FRISCO — Warming seawater around parts of Antarctica is speeding the melting and sliding of glaciers, and that there is no indication that this trend will reverse, according to researchers with  the University of East Anglia.

The study, published in the journal Science, tracked ocean temperatures in the shallow shelf seas of West Antarctica for the last 50 years. The findings also suggest the areas of warmer seawater are spreading, and that other Antarctic areas, which have not yet started to melt, could experience melting for the first time, which would increase the pace of global sea level rise. Continue reading

Study: Maximum warming effect of today’s greenhouse gas emissions felt in just 10 years


How long do the impacts of greenhouse gases last?

Study shows cutting emissions now will benefit current generations

Staff Report

FRISCO — The maximum heat-trapping effect of today’s greenhouse gas emissions will be felt in about 10 years, scientists said in a new study that refutes the common misconception that today’s emissions won’t be felt for decades and that they are only a problem for future generations.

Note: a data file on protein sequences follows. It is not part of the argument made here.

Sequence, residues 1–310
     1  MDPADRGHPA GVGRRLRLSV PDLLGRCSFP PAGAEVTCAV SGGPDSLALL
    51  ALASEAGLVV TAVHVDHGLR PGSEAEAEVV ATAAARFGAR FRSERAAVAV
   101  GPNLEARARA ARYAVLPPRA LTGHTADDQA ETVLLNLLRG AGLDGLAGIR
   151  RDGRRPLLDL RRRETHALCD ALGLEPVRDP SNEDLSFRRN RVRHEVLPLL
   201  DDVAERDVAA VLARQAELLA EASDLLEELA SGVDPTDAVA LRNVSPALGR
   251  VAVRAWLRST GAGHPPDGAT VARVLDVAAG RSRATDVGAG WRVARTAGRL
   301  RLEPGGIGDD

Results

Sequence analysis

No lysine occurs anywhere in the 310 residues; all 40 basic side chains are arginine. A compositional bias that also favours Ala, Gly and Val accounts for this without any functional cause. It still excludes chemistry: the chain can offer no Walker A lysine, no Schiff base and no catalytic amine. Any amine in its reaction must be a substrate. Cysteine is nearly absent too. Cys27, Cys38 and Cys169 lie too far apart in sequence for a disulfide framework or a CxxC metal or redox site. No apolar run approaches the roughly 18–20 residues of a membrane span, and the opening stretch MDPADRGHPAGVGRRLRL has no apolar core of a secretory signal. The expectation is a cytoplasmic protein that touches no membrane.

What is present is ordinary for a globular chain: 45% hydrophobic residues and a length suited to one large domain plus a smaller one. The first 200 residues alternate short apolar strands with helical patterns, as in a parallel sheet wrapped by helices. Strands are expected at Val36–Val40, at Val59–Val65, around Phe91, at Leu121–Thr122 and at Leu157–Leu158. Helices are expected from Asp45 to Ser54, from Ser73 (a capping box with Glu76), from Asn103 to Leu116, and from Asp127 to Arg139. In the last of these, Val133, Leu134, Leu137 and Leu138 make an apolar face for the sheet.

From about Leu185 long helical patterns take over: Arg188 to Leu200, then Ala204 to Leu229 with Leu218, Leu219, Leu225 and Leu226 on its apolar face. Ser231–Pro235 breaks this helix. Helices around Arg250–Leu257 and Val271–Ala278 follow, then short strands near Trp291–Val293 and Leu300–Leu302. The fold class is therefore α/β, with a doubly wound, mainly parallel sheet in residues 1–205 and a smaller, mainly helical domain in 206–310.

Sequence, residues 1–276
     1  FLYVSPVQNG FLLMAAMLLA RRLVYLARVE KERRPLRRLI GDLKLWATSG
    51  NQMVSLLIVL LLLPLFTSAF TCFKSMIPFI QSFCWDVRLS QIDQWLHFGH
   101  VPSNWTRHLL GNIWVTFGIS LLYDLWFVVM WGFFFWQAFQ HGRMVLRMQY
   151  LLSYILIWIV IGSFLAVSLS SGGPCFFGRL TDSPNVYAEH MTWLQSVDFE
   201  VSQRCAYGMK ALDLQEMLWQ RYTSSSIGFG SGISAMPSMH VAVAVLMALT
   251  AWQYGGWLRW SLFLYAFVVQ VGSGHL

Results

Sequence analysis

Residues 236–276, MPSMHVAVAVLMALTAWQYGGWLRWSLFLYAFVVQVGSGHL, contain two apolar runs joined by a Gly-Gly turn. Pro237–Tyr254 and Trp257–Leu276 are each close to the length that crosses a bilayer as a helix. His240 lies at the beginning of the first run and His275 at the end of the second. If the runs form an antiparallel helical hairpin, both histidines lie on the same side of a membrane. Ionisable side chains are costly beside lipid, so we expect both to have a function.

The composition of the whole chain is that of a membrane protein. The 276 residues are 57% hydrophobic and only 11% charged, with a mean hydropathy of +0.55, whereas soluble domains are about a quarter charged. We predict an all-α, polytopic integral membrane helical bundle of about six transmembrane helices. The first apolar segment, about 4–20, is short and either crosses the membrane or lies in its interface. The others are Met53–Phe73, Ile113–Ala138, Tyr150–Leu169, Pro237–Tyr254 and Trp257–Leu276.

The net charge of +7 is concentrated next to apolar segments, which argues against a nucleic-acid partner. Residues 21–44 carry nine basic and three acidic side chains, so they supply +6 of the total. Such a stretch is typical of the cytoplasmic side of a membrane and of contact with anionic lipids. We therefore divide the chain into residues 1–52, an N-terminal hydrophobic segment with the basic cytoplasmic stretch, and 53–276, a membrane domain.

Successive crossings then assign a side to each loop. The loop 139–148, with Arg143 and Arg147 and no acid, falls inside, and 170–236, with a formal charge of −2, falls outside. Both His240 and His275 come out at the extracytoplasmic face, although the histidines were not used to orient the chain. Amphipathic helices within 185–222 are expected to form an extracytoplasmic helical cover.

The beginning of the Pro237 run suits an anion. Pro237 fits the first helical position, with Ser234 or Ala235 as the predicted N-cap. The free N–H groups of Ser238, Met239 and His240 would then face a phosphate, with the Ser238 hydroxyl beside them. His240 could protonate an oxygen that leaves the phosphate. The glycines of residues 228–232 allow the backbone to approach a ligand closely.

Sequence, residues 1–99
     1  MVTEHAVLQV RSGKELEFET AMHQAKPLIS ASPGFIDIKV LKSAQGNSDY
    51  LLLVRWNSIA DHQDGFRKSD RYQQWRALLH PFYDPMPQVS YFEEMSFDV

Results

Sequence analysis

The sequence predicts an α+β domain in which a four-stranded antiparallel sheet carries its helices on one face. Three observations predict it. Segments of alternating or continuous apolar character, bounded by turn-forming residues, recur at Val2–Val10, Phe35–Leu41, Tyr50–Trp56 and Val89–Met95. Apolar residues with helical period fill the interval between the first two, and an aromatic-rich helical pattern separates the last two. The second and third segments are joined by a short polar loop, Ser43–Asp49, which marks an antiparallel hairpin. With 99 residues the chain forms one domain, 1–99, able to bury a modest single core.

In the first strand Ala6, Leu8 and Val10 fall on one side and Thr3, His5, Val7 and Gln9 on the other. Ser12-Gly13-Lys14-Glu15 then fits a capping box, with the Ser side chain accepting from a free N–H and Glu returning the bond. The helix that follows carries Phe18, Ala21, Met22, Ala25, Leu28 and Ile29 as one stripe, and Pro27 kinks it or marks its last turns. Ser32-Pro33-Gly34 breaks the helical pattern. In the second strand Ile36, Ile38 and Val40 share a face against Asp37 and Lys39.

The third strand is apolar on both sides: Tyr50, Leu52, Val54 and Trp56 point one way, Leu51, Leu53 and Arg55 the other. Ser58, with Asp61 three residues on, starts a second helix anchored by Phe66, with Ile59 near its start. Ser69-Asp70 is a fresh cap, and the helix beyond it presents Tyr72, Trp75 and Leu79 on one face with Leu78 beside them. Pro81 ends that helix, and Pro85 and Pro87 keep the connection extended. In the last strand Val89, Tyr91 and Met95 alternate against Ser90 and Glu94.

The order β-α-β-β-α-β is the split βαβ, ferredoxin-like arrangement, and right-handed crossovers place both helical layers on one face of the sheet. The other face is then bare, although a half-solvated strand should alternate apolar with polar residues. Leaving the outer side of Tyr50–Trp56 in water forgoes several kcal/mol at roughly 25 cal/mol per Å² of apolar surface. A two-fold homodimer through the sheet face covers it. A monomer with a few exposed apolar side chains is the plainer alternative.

In their work, Carnegie Institute researchers Katharine Ricke and Ken Caldeira evaluated how long it takes to feel the maximum warming effect caused by a single carbon emission. The results are published in Environmental Research Letters.

“A lot of climate scientists have intuition about how long it takes to feel the warming from a particular emission of carbon dioxide,” Ricke said. “But that intuition might be a little bit out of sync with our best estimates from today’s climate and carbon cycle models.” Continue reading